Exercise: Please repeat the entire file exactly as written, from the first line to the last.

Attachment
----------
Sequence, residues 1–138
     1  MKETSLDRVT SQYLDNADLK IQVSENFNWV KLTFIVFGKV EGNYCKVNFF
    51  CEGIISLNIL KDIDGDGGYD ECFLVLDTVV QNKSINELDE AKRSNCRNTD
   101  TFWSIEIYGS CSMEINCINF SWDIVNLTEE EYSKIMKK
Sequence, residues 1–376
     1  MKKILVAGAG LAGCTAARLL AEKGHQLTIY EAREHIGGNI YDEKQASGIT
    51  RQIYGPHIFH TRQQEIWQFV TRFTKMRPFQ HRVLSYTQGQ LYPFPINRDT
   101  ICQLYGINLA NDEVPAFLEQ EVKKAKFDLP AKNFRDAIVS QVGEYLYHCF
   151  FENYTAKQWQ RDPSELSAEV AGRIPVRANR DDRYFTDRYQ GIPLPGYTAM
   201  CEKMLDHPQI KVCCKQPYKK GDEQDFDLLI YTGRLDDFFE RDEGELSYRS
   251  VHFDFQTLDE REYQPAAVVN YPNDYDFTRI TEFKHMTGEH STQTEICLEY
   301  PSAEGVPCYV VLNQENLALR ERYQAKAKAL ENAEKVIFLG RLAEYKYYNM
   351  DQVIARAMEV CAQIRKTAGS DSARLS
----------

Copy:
Sequence, residues 1–138
     1  MKETSLDRVT SQYLDNADLK IQVSENFNWV KLTFIVFGKV EGNYCKVNFF
    51  CEGIISLNIL KDIDGDGGYD ECFLVLDTVV QNKSINELDE AKRSNCRNTD
   101  TFWSIEIYGS CSMEINCINF SWDIVNLTEE EYSKIMKK
Sequence, residues 1–376
     1  MKKILVAGAG LAGCTAARLL AEKGHQLTIY EAREHIGGNI YDEKQASGIT
    51  RQIYGPHIFH TRQQEIWQFV TRFTKMRPFQ HRVLSYTQGQ LYPFPINRDT
   101  ICQLYGINLA NDEVPAFLEQ EVKKAKFDLP AKNFRDAIVS QVGEYLYHCF
   151  FENYTAKQWQ RDPSELSAEV AGRIPVRANR DDRYFTDRYQ GIPLPGYTAM
   201  CEKMLDHPQI KVCCKQPYKK GDEQDFDLLI YTGRLDDFFE RDEGELSYRS
   251  VHFDFQTLDE REYQPAAVVN YPNDYDFTRI TEFKHMTGEH STQTEICLEY
   301  PSAEGVPCYV VLNQENLALR ERYQAKAKAL ENAEKVIFLG RLAEYKYYNM
   351  DQVIARAMEV CAQIRKTAGS DSARLS